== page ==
Bowlen’s daughter told she’s not qualified to run Broncos
Trouble in Denver
By PAT GRAHAM, AP Sports Writer
ENGLEWOOD, Colo. (AP) — The daughter of Denver Broncos owner Pat Bowlen announced her desire to take over the leadership role of the team and was informed she hasn’t met the criteria.
The Pat Bowlen Trust issued a statement Thursday saying Beth Bowlen Wallace “is not capable or qualified at this time.”
The team was placed in a trust when Pat Bowlen stepped down in 2014 because of Alzheimer’s. The trust is overseen by three people, including team president and CEO Joe Ellis, who has final say on day-to-day operations until one of Bowlen’s seven children can succeed him as controlling owner.
Bowlen Wallace said in a statement that it is her desire to “lead this team with the same passion my father did and help the Broncos become Super Bowl champions again.”
The Broncos have made 18 of their 22 playoff appearances during the Pat Bowlen era. Since he was introduced as the majority owner on March 23, 1984, the team has the second-most regular-season wins (behind New England) and captured three Super Bowl titles.
“I have advised the Trustees that I am ready and have done everything they said I need to do to take this step,” the 47-year-old Bowlen Wallace said. “Working in management at the Broncos is something I have prepared for and dreamed of doing.”
The stipulations to be controlling owner of the Broncos included completion of a business or law degree and five years in management in the NFL or another major business organization.
Bowlen Wallace graduated from the University of Denver’s Sturm College of Law in 2016. She also worked with the Broncos as the director of special projects before her employment was ended in 2015.
She’s assisted with Colorado-based nonprofits and charitable organizations, including the Alzheimer’s Association. She’s also worked as an executive in the oil and gas industry since 2016.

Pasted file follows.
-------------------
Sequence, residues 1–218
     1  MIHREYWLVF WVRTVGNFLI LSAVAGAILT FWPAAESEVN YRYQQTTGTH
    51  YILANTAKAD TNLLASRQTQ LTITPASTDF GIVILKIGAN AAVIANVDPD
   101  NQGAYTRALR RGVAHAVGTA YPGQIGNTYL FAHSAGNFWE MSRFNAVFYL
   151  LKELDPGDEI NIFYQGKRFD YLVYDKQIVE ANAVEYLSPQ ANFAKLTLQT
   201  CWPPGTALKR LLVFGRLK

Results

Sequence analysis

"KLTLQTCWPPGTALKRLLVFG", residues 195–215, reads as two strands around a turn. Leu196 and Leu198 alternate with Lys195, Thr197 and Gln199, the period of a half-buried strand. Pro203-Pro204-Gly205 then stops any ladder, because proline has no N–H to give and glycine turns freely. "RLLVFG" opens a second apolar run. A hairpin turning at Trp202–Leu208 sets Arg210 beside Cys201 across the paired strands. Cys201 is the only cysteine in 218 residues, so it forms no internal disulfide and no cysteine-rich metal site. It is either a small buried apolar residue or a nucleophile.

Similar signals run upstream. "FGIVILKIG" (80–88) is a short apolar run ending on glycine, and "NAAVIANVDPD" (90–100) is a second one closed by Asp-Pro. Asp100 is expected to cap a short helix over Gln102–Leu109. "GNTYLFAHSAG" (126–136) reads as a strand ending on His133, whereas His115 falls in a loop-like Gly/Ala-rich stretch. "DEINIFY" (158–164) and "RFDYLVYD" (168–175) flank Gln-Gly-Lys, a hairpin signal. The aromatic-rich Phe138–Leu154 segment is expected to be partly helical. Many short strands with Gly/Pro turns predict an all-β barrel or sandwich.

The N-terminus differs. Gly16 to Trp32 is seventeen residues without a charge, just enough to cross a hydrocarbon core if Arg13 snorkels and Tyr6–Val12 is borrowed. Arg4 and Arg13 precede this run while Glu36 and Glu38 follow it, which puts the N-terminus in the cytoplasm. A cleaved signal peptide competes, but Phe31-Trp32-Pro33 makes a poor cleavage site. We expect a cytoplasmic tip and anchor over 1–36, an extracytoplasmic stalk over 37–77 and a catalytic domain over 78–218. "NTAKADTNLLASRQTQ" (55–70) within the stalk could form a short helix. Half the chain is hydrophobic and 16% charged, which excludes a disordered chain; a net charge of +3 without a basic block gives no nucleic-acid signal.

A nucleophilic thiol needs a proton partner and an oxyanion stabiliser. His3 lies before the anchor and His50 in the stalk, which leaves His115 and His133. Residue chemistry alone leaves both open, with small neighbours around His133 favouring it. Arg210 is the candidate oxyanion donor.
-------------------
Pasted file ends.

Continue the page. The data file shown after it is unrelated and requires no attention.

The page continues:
“My father’s number one goal was to win,” Bowlen Wallace said. “He understood that took financial commitment, hard work, dedication, the right leadership, and drive. He was motivated to win not only for himself and the team but for the pride of Broncos Country, our beloved and loyal fans.”
Bowlen Wallace has the support of Amie Bowlen Klemmer, the oldest Bowlen child; Bill Bowlen, Pat Bowlen’s brother; and minority owners of the team, Kerry and John Bowlen (John is Pat Bowlen’s brother).
“Pat Bowlen’s wish and his legacy was to have one of his children run this team,” Kerry and John Bowlen said in a joint statement. “That is what he always wanted. Beth is the best positioned of all the children to take over now. Her plan is just right — to take over as managing owner now and in the future allow the other children to mature, learn and grow into the position, keeping this team in her family and in Denver, where the Broncos belong.”
The Trust said Pat Bowlen made it clear that his children “were not automatically entitled to a role with the team and that they would have to earn that opportunity through their accomplishments, qualifications and character.”
In the statement, the Trust said it had communicated this with her.
“Although Beth has declined our invitations to discuss her qualifications for the last two years, we will continue to proactively engage and meet with any of the Bowlen children who express a desire to earn the right to succeed their father,” the statement said. “We will vigorously defend Pat’s plan in responding to these and any statements that are contrary to Pat’s words and intentions.”
Added Ellis: “As a trustee and someone Pat designated to oversee his team, I have an enormous responsibility to carefully administer his succession plan and make decisions in the best interests of the Broncos. We will continue to follow Pat’s blueprint — and nobody else’s — while keeping our focus as an organization on having a successful season.”
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